- The first challenge was solved twice: using an abstract program and using a Java program. All other programs are written in the ASM style abstract programming language of KIV, which is a language with while loops and recursive procedures that operates on arbitrary algebraic data types.
- The problems were solved by Gidon Ernst, Gerhard Schellhorn, Kurt Stenzel and Bogdan Tofan. Each of us solved one problem and contributed to one other.
- No changes to the downloadable KIV system were necessary to do the proofs. We did a few minor tweaks to the xml-outputs you can browse here compared to what you will get from the downloadable system (e.g., we added a page explaining the color coding of proof tree nodes).

The underlying boolean array data structure is modeled as an algebraic array of booleans, by actualizing the generic elements of the array datastructure from KIV's library (specification array) with elements of type boolean, see specification boolarr. Note that array indices in KIV are natural numbers, not integers. To conform with the requirements of having itegers as indices in the algorithm, we use a standard conversion function "i->n: int -> nat", which computes the absolute value and is specified in the library specification intnat.

In specification arr2list we define the central behavioral correctness conditions "issorted(ar)" and "isperm(ar0, ar1)". The sortedness of a boolean array "ar" is defined in a straightforward manner. Whether a boolean array "ar0" is a permutation of another boolean array "ar1" is defined using the existing library theory that defines permutations on lists (specification list-perm). That is, ar0 is a permutation of ar1 iff the corresponding lists of boolean values are permutations. The conversion from boolean arrays to boolean lists (type "list") is done by a recursively defined function "arr2list: array, nat -> list", where the nat parameter gives the upper index bound for conversion (typically the size of the array # ar minus one.). Finally, the order on booleans is defined.

The central proof of correctness and termination can be found in the theorem base of specification 2-way-sort. The proof of theorem two_way_sort-corr-term shows that two_way_sort# terminates, (the double-angle "strong diamond" brackets are the wp-operators expressing total correctness) and gives a sorted permutation of the array. The decreasing term for induction is i→n(j + 1) -- i->n(i)". The central properties of the loop invariant are:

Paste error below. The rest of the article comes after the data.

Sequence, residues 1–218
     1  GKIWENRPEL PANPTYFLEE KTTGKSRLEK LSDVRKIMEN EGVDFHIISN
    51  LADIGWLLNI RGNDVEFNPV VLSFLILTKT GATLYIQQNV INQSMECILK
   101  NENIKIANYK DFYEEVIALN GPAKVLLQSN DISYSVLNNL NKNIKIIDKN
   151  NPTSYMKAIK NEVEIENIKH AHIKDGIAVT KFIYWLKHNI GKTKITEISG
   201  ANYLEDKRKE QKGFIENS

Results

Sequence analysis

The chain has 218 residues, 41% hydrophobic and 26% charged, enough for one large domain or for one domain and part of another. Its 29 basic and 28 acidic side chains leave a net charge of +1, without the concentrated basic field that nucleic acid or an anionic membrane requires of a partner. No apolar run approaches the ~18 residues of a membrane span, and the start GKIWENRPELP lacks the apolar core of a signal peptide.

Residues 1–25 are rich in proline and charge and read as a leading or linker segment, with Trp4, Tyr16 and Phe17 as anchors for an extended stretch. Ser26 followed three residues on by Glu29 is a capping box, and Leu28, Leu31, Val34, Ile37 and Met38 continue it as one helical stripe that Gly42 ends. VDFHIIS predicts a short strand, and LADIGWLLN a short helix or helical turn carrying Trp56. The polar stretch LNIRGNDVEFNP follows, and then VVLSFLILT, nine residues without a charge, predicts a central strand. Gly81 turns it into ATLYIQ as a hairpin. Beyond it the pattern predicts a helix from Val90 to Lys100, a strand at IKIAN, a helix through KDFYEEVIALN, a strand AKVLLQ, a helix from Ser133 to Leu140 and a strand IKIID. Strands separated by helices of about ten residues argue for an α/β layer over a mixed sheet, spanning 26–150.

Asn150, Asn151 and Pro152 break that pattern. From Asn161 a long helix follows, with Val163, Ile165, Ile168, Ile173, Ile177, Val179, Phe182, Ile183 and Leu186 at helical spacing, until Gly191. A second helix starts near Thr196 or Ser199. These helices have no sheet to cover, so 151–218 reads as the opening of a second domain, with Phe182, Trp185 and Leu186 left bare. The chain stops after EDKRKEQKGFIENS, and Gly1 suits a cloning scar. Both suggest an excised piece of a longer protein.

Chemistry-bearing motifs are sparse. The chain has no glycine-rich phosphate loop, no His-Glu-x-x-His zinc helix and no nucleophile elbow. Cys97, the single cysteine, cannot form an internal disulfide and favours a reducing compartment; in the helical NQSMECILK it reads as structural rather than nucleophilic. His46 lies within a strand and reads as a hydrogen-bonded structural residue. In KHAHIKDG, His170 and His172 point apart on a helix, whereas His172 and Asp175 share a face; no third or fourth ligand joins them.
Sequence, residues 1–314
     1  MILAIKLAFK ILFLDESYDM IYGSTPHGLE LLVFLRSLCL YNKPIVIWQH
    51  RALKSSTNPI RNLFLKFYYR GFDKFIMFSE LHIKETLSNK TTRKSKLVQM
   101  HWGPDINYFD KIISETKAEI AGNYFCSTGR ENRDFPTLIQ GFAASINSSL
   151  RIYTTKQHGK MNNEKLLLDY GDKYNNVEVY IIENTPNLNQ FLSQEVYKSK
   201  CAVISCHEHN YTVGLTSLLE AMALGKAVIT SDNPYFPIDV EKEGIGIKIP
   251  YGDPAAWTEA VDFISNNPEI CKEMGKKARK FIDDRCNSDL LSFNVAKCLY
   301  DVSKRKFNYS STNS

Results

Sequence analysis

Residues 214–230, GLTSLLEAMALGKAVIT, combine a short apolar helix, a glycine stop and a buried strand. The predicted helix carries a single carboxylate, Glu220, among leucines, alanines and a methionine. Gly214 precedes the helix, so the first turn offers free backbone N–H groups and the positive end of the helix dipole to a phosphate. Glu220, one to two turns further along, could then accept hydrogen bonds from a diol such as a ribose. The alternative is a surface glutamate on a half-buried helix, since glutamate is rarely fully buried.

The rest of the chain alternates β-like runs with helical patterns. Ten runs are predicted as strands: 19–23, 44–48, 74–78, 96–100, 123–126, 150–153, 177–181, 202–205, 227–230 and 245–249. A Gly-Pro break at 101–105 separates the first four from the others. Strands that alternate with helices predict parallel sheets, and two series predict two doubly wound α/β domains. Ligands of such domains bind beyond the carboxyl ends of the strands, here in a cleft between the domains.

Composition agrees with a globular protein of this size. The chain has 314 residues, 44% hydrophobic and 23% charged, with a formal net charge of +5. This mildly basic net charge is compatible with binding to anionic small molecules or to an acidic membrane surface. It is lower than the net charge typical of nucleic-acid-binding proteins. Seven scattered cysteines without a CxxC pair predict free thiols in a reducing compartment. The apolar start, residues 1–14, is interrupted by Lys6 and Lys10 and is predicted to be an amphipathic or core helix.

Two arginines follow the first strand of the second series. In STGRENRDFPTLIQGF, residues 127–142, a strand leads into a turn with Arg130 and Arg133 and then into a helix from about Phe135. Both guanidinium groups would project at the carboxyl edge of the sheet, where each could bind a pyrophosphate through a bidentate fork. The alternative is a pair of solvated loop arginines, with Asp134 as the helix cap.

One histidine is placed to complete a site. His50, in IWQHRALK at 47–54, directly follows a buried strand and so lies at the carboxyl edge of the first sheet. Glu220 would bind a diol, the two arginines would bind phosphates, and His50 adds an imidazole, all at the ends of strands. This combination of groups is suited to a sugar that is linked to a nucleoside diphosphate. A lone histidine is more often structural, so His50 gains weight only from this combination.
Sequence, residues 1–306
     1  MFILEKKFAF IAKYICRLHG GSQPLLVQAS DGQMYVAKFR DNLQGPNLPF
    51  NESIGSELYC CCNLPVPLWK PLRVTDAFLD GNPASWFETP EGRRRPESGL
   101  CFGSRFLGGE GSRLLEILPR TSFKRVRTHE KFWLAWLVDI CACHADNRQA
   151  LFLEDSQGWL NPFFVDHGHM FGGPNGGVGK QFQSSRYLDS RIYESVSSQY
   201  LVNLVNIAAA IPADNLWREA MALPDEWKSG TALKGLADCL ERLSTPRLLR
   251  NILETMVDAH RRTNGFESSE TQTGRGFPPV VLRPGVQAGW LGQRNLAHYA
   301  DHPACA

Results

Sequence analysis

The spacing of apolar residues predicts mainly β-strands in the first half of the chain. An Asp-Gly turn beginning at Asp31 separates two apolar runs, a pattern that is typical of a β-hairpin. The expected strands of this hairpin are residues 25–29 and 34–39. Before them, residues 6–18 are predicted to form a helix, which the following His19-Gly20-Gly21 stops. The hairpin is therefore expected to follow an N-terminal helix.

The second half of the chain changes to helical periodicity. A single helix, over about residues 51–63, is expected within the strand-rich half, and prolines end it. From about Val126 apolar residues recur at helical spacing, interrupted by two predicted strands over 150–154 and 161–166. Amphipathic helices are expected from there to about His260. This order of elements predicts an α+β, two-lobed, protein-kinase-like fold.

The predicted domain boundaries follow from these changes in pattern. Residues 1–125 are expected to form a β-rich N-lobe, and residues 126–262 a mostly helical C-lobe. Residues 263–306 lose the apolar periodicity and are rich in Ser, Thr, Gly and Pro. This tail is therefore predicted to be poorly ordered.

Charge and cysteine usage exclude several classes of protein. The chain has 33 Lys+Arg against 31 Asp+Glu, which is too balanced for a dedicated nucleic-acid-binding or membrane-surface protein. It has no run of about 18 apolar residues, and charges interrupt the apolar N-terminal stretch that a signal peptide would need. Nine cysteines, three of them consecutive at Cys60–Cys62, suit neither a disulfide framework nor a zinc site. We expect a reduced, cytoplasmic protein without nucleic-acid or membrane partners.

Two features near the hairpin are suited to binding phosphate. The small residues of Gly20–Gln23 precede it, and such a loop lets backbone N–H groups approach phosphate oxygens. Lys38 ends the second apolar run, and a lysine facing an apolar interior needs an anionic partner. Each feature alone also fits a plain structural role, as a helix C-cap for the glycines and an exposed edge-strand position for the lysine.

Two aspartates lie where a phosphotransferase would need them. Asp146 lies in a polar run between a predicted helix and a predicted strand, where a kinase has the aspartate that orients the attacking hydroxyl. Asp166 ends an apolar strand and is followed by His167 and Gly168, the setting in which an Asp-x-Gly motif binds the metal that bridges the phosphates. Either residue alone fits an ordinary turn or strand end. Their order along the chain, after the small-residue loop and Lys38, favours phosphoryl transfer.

- Below index i, all values of the current array are "false"
- Above index j, all values of the current array are "true"
- The current array is a permutation of the initial array

The proof uses the standard invariant rule for total correctness with this invariant and this decreasing term (see the rule arguments of ), with variables adjusted to match the current goal.

The main lemma required is perm-switch, which is already proved over library specification list-perm. It is used to ensure that swapping of array values results in a permutation of the initial array.

The verification given does not check whether array access during execution of the program is safe: access / modification out of bounds would return an unspecified value / array (so we could surely not prove that the result is a permutation), but would not abort the program. The second solution with Java avoids this problem. Another technique to guarantee safety is to use access programs as in Challenge 3.

- We consider a (compilable) Java-implementation of the given algorithm (included in this class definition). It works on an array data structure in an explicit heap "st" of type "store" (see specification javastore)
- The proof additionally ensures safe array access, safe heap access, ...